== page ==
Google today made available TensorFlow RunTime (TFRT), a new runtime for its TensorFlow machine learning framework that provides a unified, extensible infrastructure layer with high performance across a range of hardware. Its release in open source on GitHub follows a preview earlier this year during a session at the 2020 TensorFlow Dev Summit, where TFRT was shown to speed up core loops in a key benchmarking test.

TFRT is intended to address the needs of data scientists looking for faster model iteration time and better error reporting, Google says, as well as app developers looking for improved performance while training and serving models in production. Tangibly, TFRT could reduce the time it takes to develop, validate, and deploy an enterprise-scale model, which surveys suggest can range from weeks to months (or years). And it might beat back Facebook’s encroaching PyTorch framework, which continues to see rapid uptake among companies like OpenAI, Preferred Networks, and Uber.

TFRT executes kernels — math functions — on targeted hardware devices. During this development phase, TFRT invokes a set of kernels that call into the underlying hardware, focusing on low-level efficiency.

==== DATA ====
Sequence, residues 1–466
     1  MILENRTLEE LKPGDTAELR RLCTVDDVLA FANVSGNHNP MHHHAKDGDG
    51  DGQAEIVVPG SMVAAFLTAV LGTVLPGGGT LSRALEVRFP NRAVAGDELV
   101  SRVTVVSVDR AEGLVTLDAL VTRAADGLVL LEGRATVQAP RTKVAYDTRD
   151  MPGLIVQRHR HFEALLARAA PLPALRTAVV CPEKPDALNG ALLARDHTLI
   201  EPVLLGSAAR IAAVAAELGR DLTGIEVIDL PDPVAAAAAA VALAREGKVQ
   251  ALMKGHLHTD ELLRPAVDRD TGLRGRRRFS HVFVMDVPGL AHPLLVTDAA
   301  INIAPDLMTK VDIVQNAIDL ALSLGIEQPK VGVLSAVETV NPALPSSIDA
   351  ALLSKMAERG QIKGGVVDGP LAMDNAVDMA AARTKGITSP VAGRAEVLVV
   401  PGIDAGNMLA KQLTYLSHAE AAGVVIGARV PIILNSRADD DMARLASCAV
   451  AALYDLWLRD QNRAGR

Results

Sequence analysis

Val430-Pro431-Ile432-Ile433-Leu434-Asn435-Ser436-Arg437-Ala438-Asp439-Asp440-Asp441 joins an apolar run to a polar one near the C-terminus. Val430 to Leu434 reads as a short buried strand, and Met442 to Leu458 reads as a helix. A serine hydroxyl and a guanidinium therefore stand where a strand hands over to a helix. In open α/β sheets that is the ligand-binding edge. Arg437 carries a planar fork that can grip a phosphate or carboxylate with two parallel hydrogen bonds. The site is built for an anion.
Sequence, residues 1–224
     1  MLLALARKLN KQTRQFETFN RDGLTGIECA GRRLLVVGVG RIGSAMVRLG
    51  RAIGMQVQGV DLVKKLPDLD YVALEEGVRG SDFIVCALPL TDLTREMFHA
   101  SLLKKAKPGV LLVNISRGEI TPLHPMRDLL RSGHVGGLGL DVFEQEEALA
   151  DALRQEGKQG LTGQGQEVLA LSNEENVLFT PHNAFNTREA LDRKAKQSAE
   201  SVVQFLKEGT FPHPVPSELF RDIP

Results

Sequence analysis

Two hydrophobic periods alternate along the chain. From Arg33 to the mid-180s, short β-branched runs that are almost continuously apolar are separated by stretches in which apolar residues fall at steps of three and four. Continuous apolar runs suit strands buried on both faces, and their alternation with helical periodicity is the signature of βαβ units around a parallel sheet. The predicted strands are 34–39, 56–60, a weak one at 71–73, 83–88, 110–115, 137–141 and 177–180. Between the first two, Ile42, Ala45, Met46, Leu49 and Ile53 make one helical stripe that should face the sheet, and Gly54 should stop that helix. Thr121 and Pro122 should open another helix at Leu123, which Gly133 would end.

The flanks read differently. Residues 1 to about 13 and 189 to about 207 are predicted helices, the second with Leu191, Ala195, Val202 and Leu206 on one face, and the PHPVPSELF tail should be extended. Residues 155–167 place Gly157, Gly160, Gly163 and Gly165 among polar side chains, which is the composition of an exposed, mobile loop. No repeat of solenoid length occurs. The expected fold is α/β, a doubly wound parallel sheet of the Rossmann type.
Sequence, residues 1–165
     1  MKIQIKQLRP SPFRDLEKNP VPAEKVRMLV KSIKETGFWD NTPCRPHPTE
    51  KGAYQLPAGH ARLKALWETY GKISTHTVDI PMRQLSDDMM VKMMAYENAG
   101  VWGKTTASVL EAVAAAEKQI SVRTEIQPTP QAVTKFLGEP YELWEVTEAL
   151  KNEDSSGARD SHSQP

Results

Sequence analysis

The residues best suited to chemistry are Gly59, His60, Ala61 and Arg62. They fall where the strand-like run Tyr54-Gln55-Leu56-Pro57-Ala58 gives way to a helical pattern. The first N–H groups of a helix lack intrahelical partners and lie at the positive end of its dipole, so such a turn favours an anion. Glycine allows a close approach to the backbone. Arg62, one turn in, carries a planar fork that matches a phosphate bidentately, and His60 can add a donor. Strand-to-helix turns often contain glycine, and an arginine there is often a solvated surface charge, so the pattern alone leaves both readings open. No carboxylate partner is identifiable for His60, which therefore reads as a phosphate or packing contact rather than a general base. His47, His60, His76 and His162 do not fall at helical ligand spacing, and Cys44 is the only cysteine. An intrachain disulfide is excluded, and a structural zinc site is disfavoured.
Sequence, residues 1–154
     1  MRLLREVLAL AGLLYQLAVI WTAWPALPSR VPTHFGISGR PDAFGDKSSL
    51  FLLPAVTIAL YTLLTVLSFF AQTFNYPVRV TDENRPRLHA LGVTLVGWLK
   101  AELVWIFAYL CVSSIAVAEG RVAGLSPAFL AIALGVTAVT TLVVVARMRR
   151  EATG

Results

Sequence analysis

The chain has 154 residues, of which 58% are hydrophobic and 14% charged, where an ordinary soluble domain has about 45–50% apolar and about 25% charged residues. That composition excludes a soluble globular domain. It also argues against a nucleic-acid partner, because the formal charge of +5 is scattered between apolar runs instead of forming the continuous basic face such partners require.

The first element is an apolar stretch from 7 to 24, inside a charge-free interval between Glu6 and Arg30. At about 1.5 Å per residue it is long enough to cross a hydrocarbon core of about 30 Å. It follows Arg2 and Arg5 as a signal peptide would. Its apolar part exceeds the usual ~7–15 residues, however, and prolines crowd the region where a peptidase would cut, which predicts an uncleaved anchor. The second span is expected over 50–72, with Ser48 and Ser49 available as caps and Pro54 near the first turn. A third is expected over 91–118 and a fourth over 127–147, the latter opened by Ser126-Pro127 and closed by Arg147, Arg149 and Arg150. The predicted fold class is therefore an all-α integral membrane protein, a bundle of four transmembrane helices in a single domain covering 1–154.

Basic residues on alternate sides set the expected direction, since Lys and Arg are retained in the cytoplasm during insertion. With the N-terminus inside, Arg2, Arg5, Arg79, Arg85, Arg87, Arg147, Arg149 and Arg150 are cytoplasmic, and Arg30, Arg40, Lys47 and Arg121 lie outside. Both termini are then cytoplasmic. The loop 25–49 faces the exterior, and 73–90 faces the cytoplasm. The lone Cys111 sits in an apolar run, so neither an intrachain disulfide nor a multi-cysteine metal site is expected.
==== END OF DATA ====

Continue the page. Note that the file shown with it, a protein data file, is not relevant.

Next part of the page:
Compared with TensorFlow’s existing runtime, which was built for graph execution (executing a graph of operations, constants, and variables) and training workloads, TFRT is optimized for inference and eager execution, where operations are executed as called from a Python script. TFRT leverages common abstractions across eager and graph executions; to achieve even better performance, its graph executor supports the concurrent execution of operations and asynchronous API calls.

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Google says that in a performance test, TFRT improved the inference time of a trained ResNet-50 model (a popular algorithm for image recognition) by 28% on a graphics card compared with TensorFlow’s current runtime. “These early results are strong validation for TFRT, and we expect it to provide a big boost to performance,” wrote TFRT product manager Eric Johnson and TFRT tech lead Mingsheng Hong in a blog post. “A high-performance low-level runtime is a key to enable the trends of today and empower the innovations of tomorrow … TFRT will benefit a broad range of users.”

Contributions to the TFRT GitHub repository are currently limited, and TFRT isn’t yet available in the stable build of TensorFlow. But Google says that it’ll soon arrive through an opt-in flag before eventually replacing the existing runtime.